BY Zachary Snyder

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POSTED AT 12:14 PM ET, 07/ 2/2010

Forever Endeavor

See Thomas Mullany's response to the second challenge and read what the judges had to say.




Stan Lee: "After carefully scrutinizing the final cartoon contest entries ... I feel that -- while all are humorous and imaginative -- 'Forever Endeavor' is the cleverest and most professional looking."

Amy Lago: "Byline should not appear within the comic (for this size/format). I think I'd prefer to see the gag flipped horizontal, so the sick guy is on the left and the other stuff (which I think is a better visual) is on the right. Either that, or somehow make the sick guy look more dramatic. Character sheet was creatively written and designed. Well done."

 

BY Thomas Mullany

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POSTED AT 11:10 AM ET, 07/ 2/2010

Real Time

See Bob Erskine's response to the second challenge and read what the judges had to say.





Amy Lago: "Nice color work, but the gag seems to be lacking something. For the character sheet, I'm wondering why the images aren't shown as snapshots."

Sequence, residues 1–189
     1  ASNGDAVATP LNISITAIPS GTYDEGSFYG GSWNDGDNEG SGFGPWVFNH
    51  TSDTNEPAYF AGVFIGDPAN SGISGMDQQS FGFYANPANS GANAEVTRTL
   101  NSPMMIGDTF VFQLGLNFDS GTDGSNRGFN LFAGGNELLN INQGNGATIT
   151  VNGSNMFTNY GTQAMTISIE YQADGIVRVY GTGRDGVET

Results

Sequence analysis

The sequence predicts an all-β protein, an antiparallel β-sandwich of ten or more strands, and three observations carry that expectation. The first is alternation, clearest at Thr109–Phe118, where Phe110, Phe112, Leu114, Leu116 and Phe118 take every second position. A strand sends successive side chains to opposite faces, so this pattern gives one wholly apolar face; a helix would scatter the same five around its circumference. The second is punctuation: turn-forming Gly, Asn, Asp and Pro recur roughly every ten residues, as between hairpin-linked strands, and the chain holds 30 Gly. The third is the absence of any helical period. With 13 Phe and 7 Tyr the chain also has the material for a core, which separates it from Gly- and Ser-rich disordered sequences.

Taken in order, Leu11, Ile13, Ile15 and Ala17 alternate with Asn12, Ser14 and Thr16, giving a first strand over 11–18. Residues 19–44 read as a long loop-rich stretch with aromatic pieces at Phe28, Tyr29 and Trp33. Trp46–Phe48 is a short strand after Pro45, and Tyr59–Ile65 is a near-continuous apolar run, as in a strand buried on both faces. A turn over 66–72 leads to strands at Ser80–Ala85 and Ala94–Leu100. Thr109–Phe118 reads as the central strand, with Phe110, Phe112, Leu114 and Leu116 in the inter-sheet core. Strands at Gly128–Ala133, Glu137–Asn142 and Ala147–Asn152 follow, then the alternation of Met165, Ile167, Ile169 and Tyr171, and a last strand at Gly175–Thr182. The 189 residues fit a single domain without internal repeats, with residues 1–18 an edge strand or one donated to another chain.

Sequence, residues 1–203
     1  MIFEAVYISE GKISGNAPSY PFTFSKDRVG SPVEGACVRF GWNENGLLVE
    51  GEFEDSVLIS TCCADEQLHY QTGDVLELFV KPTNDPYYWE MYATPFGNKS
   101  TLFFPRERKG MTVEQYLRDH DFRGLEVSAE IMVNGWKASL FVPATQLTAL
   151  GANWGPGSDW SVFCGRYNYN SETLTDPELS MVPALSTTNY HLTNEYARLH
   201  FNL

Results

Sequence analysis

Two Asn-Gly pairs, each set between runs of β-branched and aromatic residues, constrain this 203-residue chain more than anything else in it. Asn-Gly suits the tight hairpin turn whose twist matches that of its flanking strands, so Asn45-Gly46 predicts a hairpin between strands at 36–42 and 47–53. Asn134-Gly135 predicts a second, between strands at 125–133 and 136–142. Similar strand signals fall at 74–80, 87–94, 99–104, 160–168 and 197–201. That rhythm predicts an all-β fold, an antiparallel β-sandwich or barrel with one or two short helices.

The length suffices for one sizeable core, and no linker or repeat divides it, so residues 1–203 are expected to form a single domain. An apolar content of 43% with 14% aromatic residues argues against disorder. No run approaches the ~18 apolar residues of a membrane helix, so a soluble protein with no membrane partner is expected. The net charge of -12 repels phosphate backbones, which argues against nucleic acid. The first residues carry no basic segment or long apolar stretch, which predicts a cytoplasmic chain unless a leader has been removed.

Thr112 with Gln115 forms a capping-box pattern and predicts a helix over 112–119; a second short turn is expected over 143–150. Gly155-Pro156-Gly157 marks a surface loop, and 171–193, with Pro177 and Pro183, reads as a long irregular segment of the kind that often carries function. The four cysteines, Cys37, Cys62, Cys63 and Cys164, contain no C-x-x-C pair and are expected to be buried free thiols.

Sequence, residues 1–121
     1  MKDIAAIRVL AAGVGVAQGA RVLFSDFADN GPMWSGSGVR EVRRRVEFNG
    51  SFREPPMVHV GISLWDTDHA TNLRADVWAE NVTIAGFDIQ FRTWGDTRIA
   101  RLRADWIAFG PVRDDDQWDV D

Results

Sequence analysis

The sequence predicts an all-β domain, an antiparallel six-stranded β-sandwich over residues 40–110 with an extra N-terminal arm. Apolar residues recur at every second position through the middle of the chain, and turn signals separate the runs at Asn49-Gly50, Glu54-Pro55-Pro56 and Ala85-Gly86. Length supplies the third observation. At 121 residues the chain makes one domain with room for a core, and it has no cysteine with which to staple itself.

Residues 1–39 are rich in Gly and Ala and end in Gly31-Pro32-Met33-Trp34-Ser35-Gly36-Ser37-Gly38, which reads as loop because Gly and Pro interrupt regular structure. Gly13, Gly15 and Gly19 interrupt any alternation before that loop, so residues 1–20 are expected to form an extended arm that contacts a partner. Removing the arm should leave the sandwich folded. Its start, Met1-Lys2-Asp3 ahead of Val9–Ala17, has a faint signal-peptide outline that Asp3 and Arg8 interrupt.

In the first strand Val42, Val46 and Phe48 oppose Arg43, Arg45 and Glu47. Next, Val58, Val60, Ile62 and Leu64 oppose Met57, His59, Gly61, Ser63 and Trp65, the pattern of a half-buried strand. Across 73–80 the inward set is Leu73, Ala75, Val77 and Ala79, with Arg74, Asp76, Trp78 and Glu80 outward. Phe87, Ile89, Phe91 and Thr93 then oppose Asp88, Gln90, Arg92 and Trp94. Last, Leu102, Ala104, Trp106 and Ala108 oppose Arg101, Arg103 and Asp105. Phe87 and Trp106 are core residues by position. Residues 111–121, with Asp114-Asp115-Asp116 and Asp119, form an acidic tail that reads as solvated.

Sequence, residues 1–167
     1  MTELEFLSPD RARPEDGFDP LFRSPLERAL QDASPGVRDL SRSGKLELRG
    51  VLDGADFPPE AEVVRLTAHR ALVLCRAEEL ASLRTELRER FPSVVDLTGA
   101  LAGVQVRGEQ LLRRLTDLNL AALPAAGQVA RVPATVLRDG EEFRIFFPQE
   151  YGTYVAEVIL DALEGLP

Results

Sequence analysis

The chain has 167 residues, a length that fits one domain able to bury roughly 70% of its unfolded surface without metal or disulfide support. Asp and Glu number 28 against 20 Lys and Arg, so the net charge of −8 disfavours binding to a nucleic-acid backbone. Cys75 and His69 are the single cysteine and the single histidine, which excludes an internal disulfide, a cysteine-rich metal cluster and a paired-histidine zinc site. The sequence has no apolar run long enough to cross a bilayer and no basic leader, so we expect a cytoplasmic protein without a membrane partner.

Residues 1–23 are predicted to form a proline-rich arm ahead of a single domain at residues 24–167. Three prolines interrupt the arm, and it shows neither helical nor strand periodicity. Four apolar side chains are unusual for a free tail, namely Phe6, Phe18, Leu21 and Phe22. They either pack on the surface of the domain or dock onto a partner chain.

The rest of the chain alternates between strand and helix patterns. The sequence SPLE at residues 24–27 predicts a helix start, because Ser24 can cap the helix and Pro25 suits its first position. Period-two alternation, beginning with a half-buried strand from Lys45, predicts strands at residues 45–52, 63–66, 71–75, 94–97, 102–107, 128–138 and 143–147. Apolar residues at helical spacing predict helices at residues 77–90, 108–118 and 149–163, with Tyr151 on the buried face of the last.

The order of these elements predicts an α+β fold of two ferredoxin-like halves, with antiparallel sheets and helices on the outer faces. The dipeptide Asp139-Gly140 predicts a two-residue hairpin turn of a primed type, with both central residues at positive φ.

Michael Cavna: "I've drawn a few elephant/weight jokes for publication myself over the years (as have many gag cartoonists), so such a joke has to feel utterly fresh. Like the elephant herself, this gag feels straight-ahead and a little underweight for me -- I'd like to see either a strong twist or perhaps a visual embellishment. Something else to think about: Gag cartoonists might have the toughest job on Sundays -- a single joke, out there in one panel covering a wide expanse, with no multipanels for 'cover.' I'd recommend what some gag cartoonists do: Run two or three cartoons in that Sunday space -- gives you a coupla more rounds to hit the target."

 

BY Bob Erskine

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POSTED AT 10:49 AM ET, 07/ 2/2010

Hoxwinder Hall

See Daniel Boris's response to the second challenge and read what the judges had to say.




Richard Thompson: "The Sunday gag is well set up and drawn; I like the looseness of Byron's face and hair. The Silent Penultimate Panel is used nicely too, with the slight roll of Dozi's eyes And who can't warm to a tiny pet with a potential taste for kids? The character sheet is also well thought out, and I like the possibilities that a newly-laid-off dad could bring to the strip."

Amy Lago: "Nice gag construction. I'm not usually a fan of the denouement (anything after the punchline), except when they provide added value, which this one does. Character sheet was well done, except shouldn't Byron and Dozi appear above Rowdy?"

 

BY Daniel Boris

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POSTED AT 1:49 PM ET, 06/14/2010

Over Nite Sensation

See Dave Mitchell's entry, then read what the judges had to say.